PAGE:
Health and Wellness

Covid conversations are harder than ever now—these 3 expert tips can help


Maybe you're going to a packed bar every Friday night. Or, maybe you're still avoiding crowded spaces and keeping a mask on outside the house.

Now more than ever, people's attitudes toward Covid comfort and risk are changing, experts say. That means it's harder than ever to find two people with the same approach toward the virus, and it's making our relationships harder to manage.

The reason: Many people are now more focused on their own risk than the risk they pose to others, says Virginia Tech epidemiologist Lisa Lee. Someone up-to-date on their Covid vaccines might attend a large party these days, without considering the risk of potentially spreading the virus to high-risk loved ones.

That's a near-complete reversal from the pandemic's beginning, when "we were all afraid and much more willing to do things to protect each other against the new disease," Lee tells CNBC Make It.

People today are also just tired of living in the pandemic, she adds: "Many of us want to get back to some relatively normal social interaction. For some, I think that pandemic fatigue has really overtaken this idea of being afraid of Covid."

Of course, some people are more fatigued than others, potentially straining your relationships with even your closest friends and family members.

Here are four experts' tips for dealing with those who have a different Covid comfort level than you do.

Directly communicate your boundaries, and be respectful of theirs

One of the biggest mistakes you can make is not being direct with others about your Covid comfort level, says Jessica Borelli, a psychological science professor at UC Irvine.

A clear understanding of each other's boundaries can ensure that no one is accidentally placed in an uncomfortable situation, and inform the decisions you make when you see each other, she says.

Share both your preferences and the reasoning behind them, Borelli recommends. You might say you're uncomfortable going to a party because you live with an elderly family member, or you are comfortable going because socializing seems to help your mental health.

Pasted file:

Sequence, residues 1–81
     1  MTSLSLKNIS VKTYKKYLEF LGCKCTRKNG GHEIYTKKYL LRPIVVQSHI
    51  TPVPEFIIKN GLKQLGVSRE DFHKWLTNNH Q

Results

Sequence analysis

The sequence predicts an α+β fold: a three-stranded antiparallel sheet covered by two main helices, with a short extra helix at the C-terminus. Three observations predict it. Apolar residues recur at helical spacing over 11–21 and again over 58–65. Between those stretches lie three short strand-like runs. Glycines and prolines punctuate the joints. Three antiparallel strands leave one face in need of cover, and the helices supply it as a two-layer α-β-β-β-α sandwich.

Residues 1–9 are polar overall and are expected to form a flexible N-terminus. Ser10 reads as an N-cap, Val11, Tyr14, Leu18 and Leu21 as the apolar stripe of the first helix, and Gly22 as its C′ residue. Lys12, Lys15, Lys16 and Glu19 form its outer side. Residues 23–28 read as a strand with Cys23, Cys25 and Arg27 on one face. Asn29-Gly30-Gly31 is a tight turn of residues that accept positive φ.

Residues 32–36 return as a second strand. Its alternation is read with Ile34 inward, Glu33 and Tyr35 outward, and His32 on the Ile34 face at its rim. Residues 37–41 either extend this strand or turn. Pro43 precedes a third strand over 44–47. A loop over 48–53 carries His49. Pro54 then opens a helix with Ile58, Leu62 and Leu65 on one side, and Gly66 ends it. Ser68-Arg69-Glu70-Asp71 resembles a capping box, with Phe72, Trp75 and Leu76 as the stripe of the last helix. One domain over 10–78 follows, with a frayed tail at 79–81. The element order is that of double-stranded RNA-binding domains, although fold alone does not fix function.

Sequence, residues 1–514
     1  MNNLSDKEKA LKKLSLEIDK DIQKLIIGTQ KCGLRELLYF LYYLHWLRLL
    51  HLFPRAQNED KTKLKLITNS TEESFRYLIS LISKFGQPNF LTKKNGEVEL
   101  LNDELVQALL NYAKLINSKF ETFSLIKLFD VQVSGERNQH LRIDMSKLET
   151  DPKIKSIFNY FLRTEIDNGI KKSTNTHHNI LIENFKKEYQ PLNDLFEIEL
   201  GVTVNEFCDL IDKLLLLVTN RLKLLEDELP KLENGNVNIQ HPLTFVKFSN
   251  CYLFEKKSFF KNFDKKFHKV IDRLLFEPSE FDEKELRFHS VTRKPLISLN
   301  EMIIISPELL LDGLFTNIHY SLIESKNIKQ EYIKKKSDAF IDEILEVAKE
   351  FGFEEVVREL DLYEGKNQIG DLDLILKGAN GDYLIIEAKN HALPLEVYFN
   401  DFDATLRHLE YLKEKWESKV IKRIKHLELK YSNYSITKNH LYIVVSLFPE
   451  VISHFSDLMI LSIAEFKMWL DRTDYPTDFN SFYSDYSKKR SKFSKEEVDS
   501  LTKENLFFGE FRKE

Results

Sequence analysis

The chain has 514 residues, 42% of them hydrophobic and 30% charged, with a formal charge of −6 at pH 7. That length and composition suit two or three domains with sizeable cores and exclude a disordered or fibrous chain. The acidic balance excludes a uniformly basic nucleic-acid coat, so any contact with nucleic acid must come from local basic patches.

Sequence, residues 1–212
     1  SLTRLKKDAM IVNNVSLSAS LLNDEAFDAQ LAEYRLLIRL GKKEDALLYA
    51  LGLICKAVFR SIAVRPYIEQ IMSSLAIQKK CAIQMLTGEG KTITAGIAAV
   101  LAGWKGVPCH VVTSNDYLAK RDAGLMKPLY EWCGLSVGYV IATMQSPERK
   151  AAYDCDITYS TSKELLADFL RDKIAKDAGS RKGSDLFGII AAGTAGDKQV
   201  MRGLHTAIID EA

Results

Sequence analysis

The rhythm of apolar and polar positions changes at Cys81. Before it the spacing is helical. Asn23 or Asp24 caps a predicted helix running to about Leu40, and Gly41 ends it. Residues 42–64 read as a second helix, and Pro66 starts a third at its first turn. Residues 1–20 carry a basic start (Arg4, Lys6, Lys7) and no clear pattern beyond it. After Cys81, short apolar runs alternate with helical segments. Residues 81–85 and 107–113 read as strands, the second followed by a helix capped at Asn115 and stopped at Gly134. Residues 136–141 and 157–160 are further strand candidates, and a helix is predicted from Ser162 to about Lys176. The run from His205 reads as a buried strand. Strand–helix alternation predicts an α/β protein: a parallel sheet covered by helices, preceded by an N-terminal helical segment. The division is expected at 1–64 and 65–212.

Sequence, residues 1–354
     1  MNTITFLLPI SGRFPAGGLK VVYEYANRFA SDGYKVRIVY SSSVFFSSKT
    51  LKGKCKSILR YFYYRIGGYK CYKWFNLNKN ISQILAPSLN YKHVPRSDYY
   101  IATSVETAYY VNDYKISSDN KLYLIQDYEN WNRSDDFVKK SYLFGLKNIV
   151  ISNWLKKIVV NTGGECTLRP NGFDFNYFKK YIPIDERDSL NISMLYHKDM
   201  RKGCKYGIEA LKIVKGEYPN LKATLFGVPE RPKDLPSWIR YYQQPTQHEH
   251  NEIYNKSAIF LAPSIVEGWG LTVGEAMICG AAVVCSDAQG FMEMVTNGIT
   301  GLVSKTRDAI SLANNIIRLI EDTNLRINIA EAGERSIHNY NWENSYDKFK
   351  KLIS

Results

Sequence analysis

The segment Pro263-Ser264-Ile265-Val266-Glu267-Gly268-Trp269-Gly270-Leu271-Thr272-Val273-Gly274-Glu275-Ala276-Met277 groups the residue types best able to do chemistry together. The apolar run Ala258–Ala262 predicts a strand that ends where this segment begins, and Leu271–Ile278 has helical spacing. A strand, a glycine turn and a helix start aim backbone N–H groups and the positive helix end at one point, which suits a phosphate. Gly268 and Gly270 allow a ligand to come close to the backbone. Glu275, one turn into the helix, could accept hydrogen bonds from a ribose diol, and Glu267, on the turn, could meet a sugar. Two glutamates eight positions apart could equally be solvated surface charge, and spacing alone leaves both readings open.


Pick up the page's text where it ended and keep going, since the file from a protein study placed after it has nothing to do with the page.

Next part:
Be transparent about your Covid safety status, too: how up-to-date you are on your vaccines and whether you've been exposed to the virus recently, Borelli adds.

Never assume other people's comfort levels and safety statuses, she says. Instead, you can always ask them directly, even if it feels awkward to do so.

Even if you find yourself on the complete opposite end of the spectrum, be respectful and accepting of their preferences, says Kendra Knight, an associate communication studies professor at DePaul University who specializes in work and family communication and conflict management. Resist the urge to criticize them or attempt to change their mind.

"They're entitled to express and have their own preferences, and so are you," Knight says.

Find potential accommodations

Once you know someone's Covid comfort level, you can figure out potential accommodations to make.

That doesn't mean canceling your birthday party because of one friend who's concerned about Covid, or attending a mass gathering despite your high risk of severe illness. It means identifying ways everyone can participate without feeling uncomfortable.

"It's trying to find that sweet spot where you can show up and participate in a way that you feel good about. You can do that without asking someone to change the entire way they planned an event," says Dr. Alexandra Solomon, a clinical assistant psychology professor at Northwestern University and host of the "Reimagining Love" podcast.

If you're worried about the risk of Covid transmission at your friend's party, you might attend but wear a mask the entire time.

Or, you could ask your friend to make "small tweaks" for you, Solomon says: Request open windows for more ventilation, or ask to eat outdoors rather than indoors.

Don't be afraid to decline, and prepare for potential disagreements

Accommodations can sometimes be difficult, and you might not find a way to make an event completely comfortable for everyone involved, especially if it sacrifices your own safety standards.

If you're still uncomfortable with a situation, don't be afraid to decline an invitation. Make the reason for your decision clear so they're not left guessing, and emphasize how much you still value your relationship with the other person, Borelli says.

"You can tell them you really value spending time with them, but are also thinking about your safety," she explains. "It's like a bit of a buffer from any rejection they might feel."

You can even offer alternate plans to communicate that "you really do want to see them," Borelli says. If you don't feel safe attending a party, try scheduling a one-on-one hangout in a more comfortable setting.

Not everyone will be receptive. If someone criticizes you for your preferences, Solomon recommends stepping away from the conversation and resisting the urge to argue.

"Debate runs the risk of people pointing fingers at each other and going back and forth," she says.

If the disrespect lingers, consider "putting a pause" on that particular relationship so you can both heal and revisit the issue again later, Borelli says.

To do that, she recommends saying something like: "I need to prioritize my own health to feel safe, so I'm going to have to stop seeing you. I want you to know I value you a lot as a friend and hope we can feel comfortable seeing each other again in the future."

Want to earn more and work less? Register for the free CNBC Make It: Your Money virtual event on Dec. 13 at 12 p.m. ET to learn from money masters like Kevin O'Leary how you can increase your earning power.

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